Posted: 12:17 p.m. Wednesday, Oct. 9, 2013
By Jeanna Thomas
Dealing with adversity is part of sports in general, but, to be frank, the Buckeyes have had a decent amount of off-the-field drama of late. Tattoo-gate, Jim Tressel's departure, suspensions, a bowl ban, the Luke Fickell Interim Head Coach Era--off the field, it's been a rough couple of seasons for the Buckeyes.
On the field, however, it's been a different story, and if we're being honest, the less than challenging nature of the Buckeyes' opponents throughout most of their 18-game winning streak is a significant part of the reason Ohio State gets so little respect from the media and fans of other programs. The Big Ten picked an especially inconvenient time to hit a down cycle.
You don't win 18 consecutive games unless you know how to coach a team through adversity, however, and Urban Meyer deserves a lot of credit for that. Urban sets the standard for leadership, and his players certainly seem to be living up to his standard. Many fans were calling for Kenny Guiton to replace Braxton Miller against Northwestern Saturday night, and whether or not you agreed with Meyer's decision to keep Miller in the game, the one thing we can be sure of is that Miller now knows that his coach has confidence in Miller's leadership on the field when it matters.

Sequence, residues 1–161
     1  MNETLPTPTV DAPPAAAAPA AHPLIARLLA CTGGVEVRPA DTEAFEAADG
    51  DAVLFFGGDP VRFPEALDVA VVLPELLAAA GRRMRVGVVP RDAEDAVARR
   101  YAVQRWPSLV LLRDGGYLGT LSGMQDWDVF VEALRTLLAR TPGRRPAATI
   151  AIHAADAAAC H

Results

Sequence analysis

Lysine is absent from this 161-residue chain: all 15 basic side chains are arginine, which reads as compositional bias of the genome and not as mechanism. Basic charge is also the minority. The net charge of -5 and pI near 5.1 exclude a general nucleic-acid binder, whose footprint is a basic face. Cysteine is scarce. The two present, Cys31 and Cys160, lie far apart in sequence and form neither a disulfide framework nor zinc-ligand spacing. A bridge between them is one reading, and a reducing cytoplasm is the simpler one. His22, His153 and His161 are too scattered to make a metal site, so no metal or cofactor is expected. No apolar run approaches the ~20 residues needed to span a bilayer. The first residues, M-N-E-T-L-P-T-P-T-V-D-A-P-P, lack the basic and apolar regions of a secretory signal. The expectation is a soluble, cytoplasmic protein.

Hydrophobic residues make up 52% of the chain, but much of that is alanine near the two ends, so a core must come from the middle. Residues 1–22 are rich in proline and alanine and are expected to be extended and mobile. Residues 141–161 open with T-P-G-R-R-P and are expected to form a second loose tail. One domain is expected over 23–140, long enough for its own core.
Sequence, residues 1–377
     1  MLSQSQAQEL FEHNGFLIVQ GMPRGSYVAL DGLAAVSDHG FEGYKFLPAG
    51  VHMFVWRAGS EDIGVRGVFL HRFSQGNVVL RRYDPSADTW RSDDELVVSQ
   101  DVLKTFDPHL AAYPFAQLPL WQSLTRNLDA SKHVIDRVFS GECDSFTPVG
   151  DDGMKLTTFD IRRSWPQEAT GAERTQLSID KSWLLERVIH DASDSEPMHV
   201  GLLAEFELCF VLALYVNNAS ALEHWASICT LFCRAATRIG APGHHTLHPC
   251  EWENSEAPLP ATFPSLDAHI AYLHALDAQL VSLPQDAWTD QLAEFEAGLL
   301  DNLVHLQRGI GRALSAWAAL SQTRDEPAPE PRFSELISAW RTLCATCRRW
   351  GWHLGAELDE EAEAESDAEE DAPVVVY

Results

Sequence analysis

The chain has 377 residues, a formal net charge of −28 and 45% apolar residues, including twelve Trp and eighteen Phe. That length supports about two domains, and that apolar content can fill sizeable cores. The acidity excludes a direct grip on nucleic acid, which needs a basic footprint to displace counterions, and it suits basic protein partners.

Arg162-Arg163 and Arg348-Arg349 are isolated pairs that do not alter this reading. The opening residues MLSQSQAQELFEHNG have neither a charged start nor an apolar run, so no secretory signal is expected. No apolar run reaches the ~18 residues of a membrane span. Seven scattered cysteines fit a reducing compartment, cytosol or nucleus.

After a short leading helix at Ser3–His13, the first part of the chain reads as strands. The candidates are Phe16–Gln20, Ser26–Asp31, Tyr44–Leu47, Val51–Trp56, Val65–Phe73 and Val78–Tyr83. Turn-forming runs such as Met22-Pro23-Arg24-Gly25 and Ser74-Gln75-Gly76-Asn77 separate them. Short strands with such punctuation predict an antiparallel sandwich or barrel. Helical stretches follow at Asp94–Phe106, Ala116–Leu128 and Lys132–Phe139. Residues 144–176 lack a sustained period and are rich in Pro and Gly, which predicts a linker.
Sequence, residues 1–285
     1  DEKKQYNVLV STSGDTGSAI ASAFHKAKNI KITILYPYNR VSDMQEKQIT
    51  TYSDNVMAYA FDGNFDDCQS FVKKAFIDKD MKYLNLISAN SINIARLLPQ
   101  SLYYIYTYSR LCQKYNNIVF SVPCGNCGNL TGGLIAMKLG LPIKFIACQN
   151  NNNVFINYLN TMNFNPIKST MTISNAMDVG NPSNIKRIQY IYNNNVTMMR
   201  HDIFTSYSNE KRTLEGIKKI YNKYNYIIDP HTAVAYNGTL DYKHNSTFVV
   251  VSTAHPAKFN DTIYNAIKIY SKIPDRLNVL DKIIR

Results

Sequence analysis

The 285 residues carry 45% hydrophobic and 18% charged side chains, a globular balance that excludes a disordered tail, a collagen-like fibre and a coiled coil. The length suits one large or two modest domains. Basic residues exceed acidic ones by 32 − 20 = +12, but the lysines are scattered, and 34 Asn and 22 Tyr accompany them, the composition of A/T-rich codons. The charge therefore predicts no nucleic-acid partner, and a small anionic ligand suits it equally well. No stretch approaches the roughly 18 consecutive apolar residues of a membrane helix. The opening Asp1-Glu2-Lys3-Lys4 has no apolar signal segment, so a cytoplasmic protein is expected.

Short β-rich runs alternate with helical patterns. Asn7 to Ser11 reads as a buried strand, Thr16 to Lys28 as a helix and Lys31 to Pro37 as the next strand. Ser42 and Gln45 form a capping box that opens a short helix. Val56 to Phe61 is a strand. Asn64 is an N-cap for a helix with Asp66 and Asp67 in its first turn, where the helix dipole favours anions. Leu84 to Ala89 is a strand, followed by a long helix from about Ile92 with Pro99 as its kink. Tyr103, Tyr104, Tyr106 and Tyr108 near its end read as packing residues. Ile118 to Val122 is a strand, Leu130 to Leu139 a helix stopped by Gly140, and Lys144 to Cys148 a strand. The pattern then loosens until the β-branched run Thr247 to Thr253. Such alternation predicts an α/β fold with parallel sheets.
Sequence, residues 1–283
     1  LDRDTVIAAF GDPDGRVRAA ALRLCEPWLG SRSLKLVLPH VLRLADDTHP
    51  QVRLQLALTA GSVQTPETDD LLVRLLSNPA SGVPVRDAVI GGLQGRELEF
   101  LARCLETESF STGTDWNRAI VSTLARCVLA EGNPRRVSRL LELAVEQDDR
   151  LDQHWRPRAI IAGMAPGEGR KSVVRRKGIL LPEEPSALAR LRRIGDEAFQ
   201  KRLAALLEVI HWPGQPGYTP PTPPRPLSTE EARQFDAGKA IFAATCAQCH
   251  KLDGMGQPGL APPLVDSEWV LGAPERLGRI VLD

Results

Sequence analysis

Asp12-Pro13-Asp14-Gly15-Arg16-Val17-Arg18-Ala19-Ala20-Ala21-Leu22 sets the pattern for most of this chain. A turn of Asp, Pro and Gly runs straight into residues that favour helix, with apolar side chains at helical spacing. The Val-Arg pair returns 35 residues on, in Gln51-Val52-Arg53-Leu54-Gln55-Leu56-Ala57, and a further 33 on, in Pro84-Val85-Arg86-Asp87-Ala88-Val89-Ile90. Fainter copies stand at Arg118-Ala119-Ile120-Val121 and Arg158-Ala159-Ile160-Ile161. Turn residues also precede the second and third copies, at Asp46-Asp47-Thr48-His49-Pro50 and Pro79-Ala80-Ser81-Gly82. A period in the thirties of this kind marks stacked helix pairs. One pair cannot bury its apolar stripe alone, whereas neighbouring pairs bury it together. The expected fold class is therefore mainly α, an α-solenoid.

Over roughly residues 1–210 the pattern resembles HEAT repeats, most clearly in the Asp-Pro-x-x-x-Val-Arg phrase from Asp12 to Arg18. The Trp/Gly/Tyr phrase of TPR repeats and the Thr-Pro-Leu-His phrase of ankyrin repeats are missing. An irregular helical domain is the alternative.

At Big Ten media days last summer, Meyer and Miller both spoke about the leadership academy Meyer coordinated for his players. One of the things that was discussed was a "leadership formula," something to help players remember the importance of leadership on and off the field. The formula is: E(vent) + R(esponse) = O(utcome), and the key is, players cannot necessarily control the event, but they can control their response to the event, which, in turn, can influence the outcome of the situation. It's not a bad principle to keep in mind generally, not just on the football field.
After Braxton Miller's second fumble, which was his third turnover of the day, Miller stepped up and executed, leading two drives that culminated in Carlos Hyde touchdowns. Despite having a very difficult game overall, the leadership Miller, and other Buckeyes, have worked to develop certainly benefited them on the field against the Wildcats. Instead of benching Miller, or letting frustration and anger impact their play with costly penalties or mental mistakes, the Buckeyes rose to the occasion, and controlled their response to the events on the field, which positively impacted the outcome of Saturday's game.
On paper, the back to back matchups against Wisconsin and Northwestern were the two toughest weeks of Ohio State's season. Maintaining such a significant winning streak isn't easy, however, regardless of the opponent. Sometimes balls gets tipped or slip out of hands, tackles get broken, players get injured, and what should be a blowout suddenly becomes a much closer game (like say, Purdue last year). What separates good teams from great teams is their ability to win games despite adversity. Ohio State's win over Northwestern suggests that they are prepared to do exactly that.